Maybe it’s because of its diminutive size, but the apostrophe tends to be neglected and misused in equal measure.
The apostrophe is used to form possessives (e.g., the school’s faculty, our family’s crest, the shirt’s collar, Bill Thomas’s house) and certain contractions (e.g., it’s, let’s, she’s, they’re, I’ve, don’t).
The apostrophe is not used to form most plurals (e.g., she is looking at several schools, the families have similar crests, these shirts are on sale, we are dining with the Thomases). There are three exceptions: plurals of lowercase letters (e.g., dot your i’s and cross your t’s); plurals of certain words used as words (e.g., we need to tally the yes’s, no’s, and maybe’s); and plurals of certain abbreviations (e.g., the staff includes a dozen Ph.D.’s and four M.D.’s).
Periods and commas go inside quotation marks, even if they aren’t part of the material being quoted. All other punctuation marks go outside the quotation marks, unless they are part of the material being quoted.
“Any further delay,” she said, “would result in a lawsuit.”
His latest story is titled “The Beginning of the End”; wouldn't a better title be “The End of the Beginning”?
When a parenthetical element is included at the end of a larger sentence, the terminal punctuation for the larger sentence goes outside the closing parenthesis.
When a parenthetical sentence exists on its own, the terminal punctuation goes inside the closing parenthesis.
She nonchalantly told us she would be spending her birthday in Venice (Italy, not California). (Unfortunately, we weren’t invited.)
When two or more words collectively serve as an adjective before the word they are modifying, those words should normally be hyphenated. The major exception is when the first such word is an adverb ending in -ly.
The hastily arranged meeting came on the heels of less-than-stellar earnings.
The colon and the semicolon can both be used to connect two independent clauses.
When the second clause expands on or explains the first, use a colon. When the clauses are merely related, but the second does not follow from the first, use a semicolon.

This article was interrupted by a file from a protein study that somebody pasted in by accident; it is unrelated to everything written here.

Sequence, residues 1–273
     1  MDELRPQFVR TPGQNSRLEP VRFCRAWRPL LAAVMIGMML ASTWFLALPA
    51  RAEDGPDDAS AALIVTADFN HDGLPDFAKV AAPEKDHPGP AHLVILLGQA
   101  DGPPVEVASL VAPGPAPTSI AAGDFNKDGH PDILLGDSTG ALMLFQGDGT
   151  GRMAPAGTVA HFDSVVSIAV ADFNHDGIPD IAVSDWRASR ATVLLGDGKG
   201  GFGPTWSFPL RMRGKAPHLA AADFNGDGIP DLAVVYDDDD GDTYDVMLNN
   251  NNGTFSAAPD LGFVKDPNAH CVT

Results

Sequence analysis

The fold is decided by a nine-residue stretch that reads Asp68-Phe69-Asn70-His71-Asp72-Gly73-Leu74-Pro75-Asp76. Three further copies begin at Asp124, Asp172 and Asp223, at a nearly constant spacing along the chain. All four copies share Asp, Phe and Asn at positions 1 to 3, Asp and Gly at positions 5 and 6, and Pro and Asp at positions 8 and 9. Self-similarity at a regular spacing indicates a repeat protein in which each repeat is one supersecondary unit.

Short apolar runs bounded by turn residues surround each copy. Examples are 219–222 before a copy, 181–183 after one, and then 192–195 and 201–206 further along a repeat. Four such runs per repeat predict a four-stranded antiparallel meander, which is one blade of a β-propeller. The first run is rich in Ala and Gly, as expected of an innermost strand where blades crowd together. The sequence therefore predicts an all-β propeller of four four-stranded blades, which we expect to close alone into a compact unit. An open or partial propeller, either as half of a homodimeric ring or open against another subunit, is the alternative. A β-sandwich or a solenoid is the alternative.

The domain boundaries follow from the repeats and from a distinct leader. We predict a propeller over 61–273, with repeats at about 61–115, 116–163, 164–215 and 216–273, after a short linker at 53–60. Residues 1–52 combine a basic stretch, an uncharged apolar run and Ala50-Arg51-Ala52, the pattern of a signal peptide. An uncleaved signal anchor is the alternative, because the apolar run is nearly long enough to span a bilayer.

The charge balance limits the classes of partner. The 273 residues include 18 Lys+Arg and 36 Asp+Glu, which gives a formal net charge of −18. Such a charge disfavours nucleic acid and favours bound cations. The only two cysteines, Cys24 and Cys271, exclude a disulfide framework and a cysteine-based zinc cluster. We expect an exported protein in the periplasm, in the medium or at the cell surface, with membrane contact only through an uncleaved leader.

Semicolon: Only a third of Americans have a passport; the majority of Canadians have a passport.
Colon: Only a third of Americans have a passport: for most, foreign travel is either undesirable or unaffordable.
Never end a sentence with a question mark or exclamation point followed by a period. If a sentence ends with a period that is part of an abbreviation, do not add a second period.
I don’t particularly like the play Who’s Afraid of Virginia Woolf? I didn’t like it even when I worked at Yahoo! I especially didn’t like it when I saw it at 5:00 a.m.
Not all lists should be introduced with a colon. The general rule is that if the introductory text can stand as a grammatically complete sentence, use a colon; otherwise, do not.
Correct: Please bring the following items: a flashlight, a comfortable pair of hiking boots, and a jacket.
Incorrect: Please bring: a flashlight, a comfortable pair of hiking boots, and a jacket.
Correct: Please bring a flashlight, a comfortable pair of hiking boots, and a jacket.
Correct: Please bring the typical evening hiking gear: a flashlight, a comfortable pair of hiking boots, and a jacket.
If explanatory matter can be omitted without changing the general meaning of the sentence, it should be set off with commas. If the explanatory matter is essential to the meaning of the sentence, do not set it off with commas.
Correct: The novelist Don DeLillo seldom gives interviews.
Incorrect: The novelist, Don DeLillo, seldom gives interviews.
Explanation: The identity of the specific novelist is essential to the meaning of the sentence. Otherwise, there is nothing to indicate which of the multitude of novelists is being referred to.
Correct: America’s first president, George Washington, served from 1789 to 1797.
Incorrect: America’s first president George Washington served from 1789 to 1797.
Explanation: America has only one first president. Identifying him by name is not essential to the meaning of the sentence.
Is it U.S.A. or USA? Co-worker or coworker? Lets or let’s? Teachers’ college or teachers college? Though these examples implicate punctuation marks (the use or omission of periods, hyphens, or apostrophes), the correct form can be easily determined with a good dictionary.
The easiest way to solve a vexing punctuation problem is to avoid it. If you aren’t sure how to properly punctuate a sentence—or if the proper punctuation results in a convoluted, confusing, or inelegant sentence—rewrite it. Perhaps as more than one sentence.